What did I think of this? To be honest, nothing was going to save me from the heat of Las Vegas in May, but it did make me feel a bit better and definitely made me smell better!

I really like this version of the cooling spray. It's so much less sticky than my previous ones, and I like the dry, almost silica like feel of the propanediol. This one is definitely a keeper!

This makes a lovely toner, but make sure you remove the peppermint as it's a bit too much near the eyes at 2%.

Related posts: I have so many different formulas for cooling sprays and hydrating toners, so I'll refer you to a search as there's just too much to read! Here are a few samples...
Cucumber extract in an apres shaving spray
Making a cooling spray (part three - links to the other parts are in this one)
Aloe vera apres sun spray 

Sunday, August 20, 2017

Weekend Wonderings: What's making my lotion sticky? (part two)

Yesterday, we took a look at a formula submitted by BrNy to see what could be making her lotion sticky. Today, we'll see what we can do to reduce that skin feel.

Here's the ingredient list again: Glycerin, resveratrol, n-acetyl glucosamine, water, sea kelp bioferment, niacinamide, dl-panthenol, allantoin, liquid Germall Plus, fractionated coconut oil, and Aristoflex AVC.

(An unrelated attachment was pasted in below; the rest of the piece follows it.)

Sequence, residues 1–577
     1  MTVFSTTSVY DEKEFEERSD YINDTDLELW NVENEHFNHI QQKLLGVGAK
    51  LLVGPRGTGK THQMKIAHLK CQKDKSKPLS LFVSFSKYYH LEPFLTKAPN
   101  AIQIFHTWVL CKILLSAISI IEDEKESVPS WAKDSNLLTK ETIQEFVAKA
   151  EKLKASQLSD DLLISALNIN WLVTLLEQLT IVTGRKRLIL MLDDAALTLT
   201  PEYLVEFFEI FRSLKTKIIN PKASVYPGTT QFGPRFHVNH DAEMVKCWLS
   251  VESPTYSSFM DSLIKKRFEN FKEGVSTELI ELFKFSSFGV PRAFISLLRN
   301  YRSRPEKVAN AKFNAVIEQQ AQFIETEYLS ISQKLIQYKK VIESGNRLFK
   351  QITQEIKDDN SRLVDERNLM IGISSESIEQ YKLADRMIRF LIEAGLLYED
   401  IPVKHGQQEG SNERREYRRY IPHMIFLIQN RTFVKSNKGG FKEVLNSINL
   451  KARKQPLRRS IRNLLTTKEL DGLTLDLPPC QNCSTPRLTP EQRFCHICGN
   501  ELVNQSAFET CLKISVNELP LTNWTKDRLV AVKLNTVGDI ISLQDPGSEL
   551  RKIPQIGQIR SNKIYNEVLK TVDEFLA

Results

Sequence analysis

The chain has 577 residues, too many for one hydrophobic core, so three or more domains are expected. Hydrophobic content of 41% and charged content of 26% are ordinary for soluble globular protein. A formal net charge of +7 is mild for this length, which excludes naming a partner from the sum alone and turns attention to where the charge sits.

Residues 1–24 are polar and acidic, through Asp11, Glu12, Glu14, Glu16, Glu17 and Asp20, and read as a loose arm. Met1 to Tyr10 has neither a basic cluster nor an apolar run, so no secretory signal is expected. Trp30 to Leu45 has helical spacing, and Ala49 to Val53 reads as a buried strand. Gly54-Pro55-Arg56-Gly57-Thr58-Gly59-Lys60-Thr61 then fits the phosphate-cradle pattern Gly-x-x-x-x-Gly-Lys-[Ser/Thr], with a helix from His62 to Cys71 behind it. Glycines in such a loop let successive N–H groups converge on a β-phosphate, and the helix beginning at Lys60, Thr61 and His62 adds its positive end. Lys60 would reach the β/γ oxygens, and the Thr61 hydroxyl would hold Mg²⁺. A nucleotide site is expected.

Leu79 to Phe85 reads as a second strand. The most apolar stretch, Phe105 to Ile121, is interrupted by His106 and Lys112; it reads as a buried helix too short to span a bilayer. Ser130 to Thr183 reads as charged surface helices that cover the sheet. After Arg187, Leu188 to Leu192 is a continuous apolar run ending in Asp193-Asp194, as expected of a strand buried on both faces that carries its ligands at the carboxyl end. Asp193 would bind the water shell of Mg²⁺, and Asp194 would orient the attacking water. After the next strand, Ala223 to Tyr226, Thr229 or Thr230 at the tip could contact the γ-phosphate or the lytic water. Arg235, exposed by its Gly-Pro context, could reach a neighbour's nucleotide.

What can make your skin feel sticky? Glycerin, sea kelp bioferment, and Aristoflex AVC.

What can we do about them? Loads of things!

Glycerin is the big culprit here, but we need it to dissolve the resveratrol in something like alcohol, glycerin, propylene glycol, butylene glycol, or propanediol 1,3, to name a few solvents. Aristoflex AVC can handle alcohol - up to 50%, but I haven't tested it that high - so we know alcohol is an option. 2% alcohol to 0.5% resveratrol would work. You could do the same for any of the solvents.

I admit it - I'm having a torrid love affair with propanediol 1,3 as a humectant and solvent these days. It has a dry, almost powdery skin feel with no stickiness. I've been dissolving everything in it lately, from salicylic acid to resveratrol, and it works so well in that capacity. I've also been using it as a humectant in my cooling sprays, toners, and other places I really don't want a sticky after feel. It's awesome!

You can see it in action in this Gigawhite & Vitamin C moisturizer with Aristoflex as I dissolve 0.5% resveratrol in 3% propanediol, and it feels just lovely!